I am certain that my son will be prepared for the challenges of high-level college work once he leaves Flint Hill. But I also am sure that the Waldorf experience made him a more rounded individual — certainly a much better writer and critical thinker and more culturally literate, all of which informs the lines of code he writes for his AP computer science course at Flint Hill.
David Leonard, Falls Church
We do our children a disservice by focusing on their ability to manipulate today’s technologies. We should focus instead on helping them master the outer world and their inner world through their emotions, senses and imagination.
By the time children in either the Washington Waldorf School or the Flint Hill School graduate from high school, they will be computer-literate and “plugged in.” But the period from birth to approximately sixth grade is the window — the one window — that parents have to let their children be children; create their own art and music; and sense the world directly with their hands and bodies.
Over the course of my career in government policy, every young person’s résumé that I’ve seen lists a facility with computers. But it is the rare — and highly valuable — young person who also can demonstrate the imagination, creativity and emotional intelligence that comes with a Waldorf education, which is what my children got.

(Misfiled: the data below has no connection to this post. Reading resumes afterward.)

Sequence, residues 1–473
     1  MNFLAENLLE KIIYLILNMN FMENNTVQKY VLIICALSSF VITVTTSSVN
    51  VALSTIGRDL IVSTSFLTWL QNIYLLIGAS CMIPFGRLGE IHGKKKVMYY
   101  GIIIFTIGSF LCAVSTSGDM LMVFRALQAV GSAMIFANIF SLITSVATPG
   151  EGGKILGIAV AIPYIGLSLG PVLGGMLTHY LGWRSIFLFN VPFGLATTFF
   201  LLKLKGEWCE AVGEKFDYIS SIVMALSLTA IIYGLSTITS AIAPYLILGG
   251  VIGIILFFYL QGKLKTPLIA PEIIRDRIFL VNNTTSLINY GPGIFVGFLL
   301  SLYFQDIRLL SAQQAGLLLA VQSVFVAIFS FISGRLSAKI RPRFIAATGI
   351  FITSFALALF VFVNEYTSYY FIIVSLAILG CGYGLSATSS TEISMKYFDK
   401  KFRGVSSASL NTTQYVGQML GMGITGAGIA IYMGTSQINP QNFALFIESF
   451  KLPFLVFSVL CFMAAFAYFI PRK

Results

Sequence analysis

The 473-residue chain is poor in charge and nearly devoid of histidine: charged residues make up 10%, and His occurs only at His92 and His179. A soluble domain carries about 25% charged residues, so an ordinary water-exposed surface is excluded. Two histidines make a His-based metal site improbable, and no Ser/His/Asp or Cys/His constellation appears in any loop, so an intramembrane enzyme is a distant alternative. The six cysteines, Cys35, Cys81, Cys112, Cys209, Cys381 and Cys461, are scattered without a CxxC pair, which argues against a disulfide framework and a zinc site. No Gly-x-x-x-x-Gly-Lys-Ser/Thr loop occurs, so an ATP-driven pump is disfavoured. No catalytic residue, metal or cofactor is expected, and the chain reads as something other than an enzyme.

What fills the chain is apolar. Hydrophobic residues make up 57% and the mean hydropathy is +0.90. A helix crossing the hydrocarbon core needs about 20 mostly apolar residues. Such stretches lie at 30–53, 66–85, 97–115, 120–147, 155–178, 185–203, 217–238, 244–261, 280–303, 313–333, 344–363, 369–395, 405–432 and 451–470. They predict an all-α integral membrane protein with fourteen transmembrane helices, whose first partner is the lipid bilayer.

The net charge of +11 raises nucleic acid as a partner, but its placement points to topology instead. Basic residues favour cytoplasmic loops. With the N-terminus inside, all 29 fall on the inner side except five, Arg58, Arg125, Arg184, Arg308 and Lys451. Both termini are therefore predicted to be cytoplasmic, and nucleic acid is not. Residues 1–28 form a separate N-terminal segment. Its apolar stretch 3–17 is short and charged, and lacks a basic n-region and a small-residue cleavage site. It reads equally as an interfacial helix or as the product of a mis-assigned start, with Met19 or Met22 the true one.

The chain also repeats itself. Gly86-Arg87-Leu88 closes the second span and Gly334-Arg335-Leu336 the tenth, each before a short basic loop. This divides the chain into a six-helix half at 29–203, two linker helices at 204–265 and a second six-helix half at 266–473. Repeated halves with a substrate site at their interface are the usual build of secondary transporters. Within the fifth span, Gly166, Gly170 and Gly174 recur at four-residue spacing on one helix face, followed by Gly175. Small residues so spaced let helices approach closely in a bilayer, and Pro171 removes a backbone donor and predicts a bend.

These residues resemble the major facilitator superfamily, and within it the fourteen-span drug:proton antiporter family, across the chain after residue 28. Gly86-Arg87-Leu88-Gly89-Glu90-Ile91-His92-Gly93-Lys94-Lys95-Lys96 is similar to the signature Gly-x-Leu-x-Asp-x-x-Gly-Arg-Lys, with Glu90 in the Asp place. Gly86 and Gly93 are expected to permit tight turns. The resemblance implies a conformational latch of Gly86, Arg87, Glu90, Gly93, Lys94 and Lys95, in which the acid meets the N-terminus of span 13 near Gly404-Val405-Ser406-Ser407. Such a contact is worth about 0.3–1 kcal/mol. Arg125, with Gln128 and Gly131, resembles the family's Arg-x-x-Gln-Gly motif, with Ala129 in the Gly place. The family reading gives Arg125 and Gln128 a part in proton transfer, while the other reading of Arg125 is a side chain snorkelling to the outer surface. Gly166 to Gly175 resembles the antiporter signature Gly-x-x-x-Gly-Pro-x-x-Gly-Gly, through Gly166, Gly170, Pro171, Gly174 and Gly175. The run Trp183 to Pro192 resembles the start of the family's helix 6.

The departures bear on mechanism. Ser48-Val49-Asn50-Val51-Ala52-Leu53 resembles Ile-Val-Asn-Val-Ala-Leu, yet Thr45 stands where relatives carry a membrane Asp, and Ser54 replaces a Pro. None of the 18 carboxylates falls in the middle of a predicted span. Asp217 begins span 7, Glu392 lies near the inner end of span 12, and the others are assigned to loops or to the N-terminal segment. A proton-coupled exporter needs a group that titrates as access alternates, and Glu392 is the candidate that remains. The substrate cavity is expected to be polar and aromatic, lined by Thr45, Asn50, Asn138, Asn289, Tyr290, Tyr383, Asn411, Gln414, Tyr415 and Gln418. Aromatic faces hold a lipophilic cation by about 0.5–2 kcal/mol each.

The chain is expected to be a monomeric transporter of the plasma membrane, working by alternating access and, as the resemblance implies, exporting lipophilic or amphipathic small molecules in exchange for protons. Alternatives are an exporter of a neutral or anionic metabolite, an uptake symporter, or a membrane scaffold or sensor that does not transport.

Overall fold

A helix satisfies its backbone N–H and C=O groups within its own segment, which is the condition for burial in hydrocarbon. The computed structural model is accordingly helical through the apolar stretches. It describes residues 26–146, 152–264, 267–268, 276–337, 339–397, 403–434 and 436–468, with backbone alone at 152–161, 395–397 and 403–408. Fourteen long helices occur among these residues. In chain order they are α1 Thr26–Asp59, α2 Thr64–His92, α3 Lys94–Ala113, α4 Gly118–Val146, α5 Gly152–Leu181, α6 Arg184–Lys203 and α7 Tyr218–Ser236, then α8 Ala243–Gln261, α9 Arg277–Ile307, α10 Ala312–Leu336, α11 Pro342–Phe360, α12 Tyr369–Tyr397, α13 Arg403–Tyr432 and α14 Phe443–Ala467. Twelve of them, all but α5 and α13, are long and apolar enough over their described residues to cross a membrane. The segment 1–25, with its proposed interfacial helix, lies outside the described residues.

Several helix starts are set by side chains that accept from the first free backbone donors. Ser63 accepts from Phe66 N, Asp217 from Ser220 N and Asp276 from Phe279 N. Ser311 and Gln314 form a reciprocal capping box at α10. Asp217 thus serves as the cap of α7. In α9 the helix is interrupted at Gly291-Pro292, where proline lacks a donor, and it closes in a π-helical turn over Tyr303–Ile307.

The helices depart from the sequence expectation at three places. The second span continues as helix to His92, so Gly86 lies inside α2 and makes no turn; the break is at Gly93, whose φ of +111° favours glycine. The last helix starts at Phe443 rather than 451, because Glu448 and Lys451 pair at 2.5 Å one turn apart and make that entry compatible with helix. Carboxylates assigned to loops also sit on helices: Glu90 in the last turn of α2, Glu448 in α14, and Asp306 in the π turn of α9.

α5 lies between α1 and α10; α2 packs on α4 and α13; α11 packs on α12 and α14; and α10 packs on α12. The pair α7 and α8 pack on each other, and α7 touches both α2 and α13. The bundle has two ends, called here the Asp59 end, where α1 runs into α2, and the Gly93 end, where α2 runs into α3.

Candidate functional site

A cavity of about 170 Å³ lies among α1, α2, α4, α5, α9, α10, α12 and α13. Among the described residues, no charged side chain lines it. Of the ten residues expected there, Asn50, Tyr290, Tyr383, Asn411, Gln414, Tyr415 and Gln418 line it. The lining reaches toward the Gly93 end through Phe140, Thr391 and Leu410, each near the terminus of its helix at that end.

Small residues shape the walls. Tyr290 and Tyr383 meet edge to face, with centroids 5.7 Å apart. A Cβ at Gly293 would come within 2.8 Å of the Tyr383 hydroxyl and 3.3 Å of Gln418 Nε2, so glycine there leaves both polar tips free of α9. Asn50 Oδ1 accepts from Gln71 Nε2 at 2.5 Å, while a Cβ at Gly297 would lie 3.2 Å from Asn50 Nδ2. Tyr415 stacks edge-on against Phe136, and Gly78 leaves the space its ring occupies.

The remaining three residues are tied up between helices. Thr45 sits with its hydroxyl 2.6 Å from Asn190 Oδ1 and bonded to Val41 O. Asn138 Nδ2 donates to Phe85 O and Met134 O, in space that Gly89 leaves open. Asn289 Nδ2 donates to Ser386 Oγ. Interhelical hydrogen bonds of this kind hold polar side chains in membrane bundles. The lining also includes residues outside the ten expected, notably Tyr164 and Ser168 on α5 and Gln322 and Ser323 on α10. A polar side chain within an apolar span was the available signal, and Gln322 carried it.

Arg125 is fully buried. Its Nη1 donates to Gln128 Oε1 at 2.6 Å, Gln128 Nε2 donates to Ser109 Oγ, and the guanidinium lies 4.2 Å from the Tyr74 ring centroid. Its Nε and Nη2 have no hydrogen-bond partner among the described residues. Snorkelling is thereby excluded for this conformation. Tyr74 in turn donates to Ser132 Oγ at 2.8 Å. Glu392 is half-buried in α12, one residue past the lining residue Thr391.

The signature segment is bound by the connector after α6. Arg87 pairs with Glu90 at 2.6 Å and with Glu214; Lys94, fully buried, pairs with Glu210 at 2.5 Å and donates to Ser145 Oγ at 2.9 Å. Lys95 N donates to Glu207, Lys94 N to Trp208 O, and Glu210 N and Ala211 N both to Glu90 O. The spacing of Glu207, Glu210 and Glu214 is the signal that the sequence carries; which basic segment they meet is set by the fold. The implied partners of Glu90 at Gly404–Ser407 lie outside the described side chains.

Gregory C. Simon, Bethesda
The Post’s article on a high-tech school vs. a no-tech school did not discuss how technology can level the playing field for the children who are served by public education and who may not have the luxury of engaged parents.
Public schools must provide the technology resources that level the playing field for all students, thus allowing them to excel in core content and develop media literacy. The skills supported through appropriate interactions with technology will define the literate person of the 21st century; those without such opportunities will be left behind.
How technology is used to support quality learning experiences in public education could become the civil rights case for this generation.
Ann Lee Flynn, Alexandria
The writer is director of education technology for the National School Boards Association.